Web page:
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ALBERT B. CASUGA, a Philippine-born writer, lives in Mississauga, Ontario, Canada, where he continues to write poetry, fiction, and criticism after his retirement from teaching and serving as an elected member of his region's school board. He was nominated to the Mississauga Arts Council Literary Awards in 2007. A graduate of the Royal and Pontifical University of St. Thomas (now University of Santo Tomas, Manila. Literature and English, magna cum laude), he taught English and Literature (Criticism, Theory, and Creative Writing) at the Philippines' De La Salle University and San Beda College. He has authored books of poetry, short stories, literary theory and criticism. He has won awards for his works in Canada, the U.S.A., and the Philippines. His latest work, A Theory of Echoes and Other Poems was published February 2009 by the University of Santo Tomas Publishing House. His fiction and poetry were published by online literary journals Asia Writes and Coastal Poems recently. He was a Fellow at the 1972 Silliman University Writers Workshop, Philippines. As a journalist, he worked with the United Press International and wrote an art column for the defunct Philippines Herald.

Tuesday, June 3, 2014


Taylor Kwan

De Carvalho ENG2D1 Monday, June 2, 2014

The Transformation of Lady Macbeth

THE KWANS: L-R: April, Sydney, Alvin, and Taylor Kwan
 “You can catch more flies with honey than with vinegar.” This popular proverb has a simple, figurative meaning. It is easier to get what you want with politeness and sweetness than with bitterness and force. The dark and powerful tragedy, Macbeth, written by William Shakespeare, shows readers what can happen when an individual succumbs to evil and bitterness. The play portrays many dynamic characters including the manipulative Lady Macbeth who transforms from ruthless, demanding, and confident to regretful, remorseful, and weak. Thus, Lady Macbeth changes dramatically through her sense of guilt, innocence and bravery during the course of the play.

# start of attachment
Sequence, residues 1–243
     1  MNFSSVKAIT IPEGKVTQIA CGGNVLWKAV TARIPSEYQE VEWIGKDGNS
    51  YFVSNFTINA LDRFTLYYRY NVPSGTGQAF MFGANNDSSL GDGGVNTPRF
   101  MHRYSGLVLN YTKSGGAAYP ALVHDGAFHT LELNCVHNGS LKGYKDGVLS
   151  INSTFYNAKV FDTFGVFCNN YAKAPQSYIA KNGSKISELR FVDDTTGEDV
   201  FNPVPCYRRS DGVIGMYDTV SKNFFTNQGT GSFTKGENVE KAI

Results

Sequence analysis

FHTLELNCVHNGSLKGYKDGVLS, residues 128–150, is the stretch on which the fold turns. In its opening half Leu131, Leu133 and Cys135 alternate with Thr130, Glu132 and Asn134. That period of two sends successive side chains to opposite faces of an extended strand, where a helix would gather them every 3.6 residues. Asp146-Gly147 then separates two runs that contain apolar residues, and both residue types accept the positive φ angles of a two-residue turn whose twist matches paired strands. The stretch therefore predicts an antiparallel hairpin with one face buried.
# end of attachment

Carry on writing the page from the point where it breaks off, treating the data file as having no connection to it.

In the beginning of the play, Lady Macbeth had one goal. She was determined to make the prophecy of the witches come true. She would do anything in her power in order to make her husband king; including murder. Instead of feeling any responsibility for her actions, she would place the guilt on other individuals. An example of this would be when she says to Macbeth:

                        Give me the daggers. The sleeping and the dead

                        are but as pictures [...]

                        If he do bleed,

                        I’ll gild the faces of the grooms withal,

                        For it may seem their guilt. (2.2.56-60)

This quote shows how Lady Macbeth wants to make it look as if the guards killed Duncan, the King of Scotland. The dead bodies do not scare her and she is more than willing to carry out her cynical plans. However, by the end of the play, guilt seems to have overcome her and she begins to feel regretful. This can be seen in the following example, “What need we fear who knows it, when/ none can call our power to account? Yet who would/ have thought the old man to have so much blood in/ him” (5.1.33-35). Lady Macbeth is thinking of the evil and murderous deeds that she has done, and she is now suffering with painful regret. She starts to continuously doubt herself and the things that she has done. Therefore, this shows how Lady Macbeth’s sense of guilt changes her throughout the play.